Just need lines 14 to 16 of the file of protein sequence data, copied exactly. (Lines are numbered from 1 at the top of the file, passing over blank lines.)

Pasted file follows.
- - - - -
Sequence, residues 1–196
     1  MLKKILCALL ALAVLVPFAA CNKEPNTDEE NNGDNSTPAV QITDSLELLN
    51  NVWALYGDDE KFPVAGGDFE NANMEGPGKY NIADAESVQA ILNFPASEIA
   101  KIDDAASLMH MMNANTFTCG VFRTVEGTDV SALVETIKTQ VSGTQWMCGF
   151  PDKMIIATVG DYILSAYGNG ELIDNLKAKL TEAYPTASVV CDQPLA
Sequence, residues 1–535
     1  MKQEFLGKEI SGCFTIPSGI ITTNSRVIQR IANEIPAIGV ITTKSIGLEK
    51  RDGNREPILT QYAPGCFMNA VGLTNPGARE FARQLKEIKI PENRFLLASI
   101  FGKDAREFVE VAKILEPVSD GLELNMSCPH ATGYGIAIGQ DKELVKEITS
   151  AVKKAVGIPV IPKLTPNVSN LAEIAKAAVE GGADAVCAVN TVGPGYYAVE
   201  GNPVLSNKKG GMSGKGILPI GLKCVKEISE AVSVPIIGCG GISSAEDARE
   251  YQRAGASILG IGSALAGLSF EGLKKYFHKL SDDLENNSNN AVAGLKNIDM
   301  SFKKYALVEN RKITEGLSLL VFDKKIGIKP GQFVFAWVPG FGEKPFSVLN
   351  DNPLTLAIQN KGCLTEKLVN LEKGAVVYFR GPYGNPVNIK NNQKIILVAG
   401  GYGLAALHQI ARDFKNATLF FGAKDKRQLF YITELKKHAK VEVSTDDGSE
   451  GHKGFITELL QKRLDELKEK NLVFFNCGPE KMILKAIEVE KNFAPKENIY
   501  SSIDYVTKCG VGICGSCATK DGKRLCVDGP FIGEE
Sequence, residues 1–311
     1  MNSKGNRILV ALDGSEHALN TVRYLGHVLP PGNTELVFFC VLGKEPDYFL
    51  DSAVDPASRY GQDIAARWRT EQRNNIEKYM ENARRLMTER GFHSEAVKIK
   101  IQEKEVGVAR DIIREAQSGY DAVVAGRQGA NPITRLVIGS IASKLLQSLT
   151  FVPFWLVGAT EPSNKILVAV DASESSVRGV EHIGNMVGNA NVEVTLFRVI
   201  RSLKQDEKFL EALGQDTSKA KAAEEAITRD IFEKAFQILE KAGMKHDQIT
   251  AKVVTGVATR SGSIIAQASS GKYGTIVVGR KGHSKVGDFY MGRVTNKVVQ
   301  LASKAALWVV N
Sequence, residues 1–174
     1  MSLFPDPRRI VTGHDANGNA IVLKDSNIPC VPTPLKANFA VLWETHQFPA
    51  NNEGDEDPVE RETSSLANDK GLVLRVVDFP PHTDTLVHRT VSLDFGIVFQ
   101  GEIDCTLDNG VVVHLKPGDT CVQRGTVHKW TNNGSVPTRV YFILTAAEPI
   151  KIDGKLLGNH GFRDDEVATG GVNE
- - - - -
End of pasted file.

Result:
   351  DNPLTLAIQN KGCLTEKLVN LEKGAVVYFR GPYGNPVNIK NNQKIILVAG
   401  GYGLAALHQI ARDFKNATLF FGAKDKRQLF YITELKKHAK VEVSTDDGSE
   451  GHKGFITELL QKRLDELKEK NLVFFNCGPE KMILKAIEVE KNFAPKENIY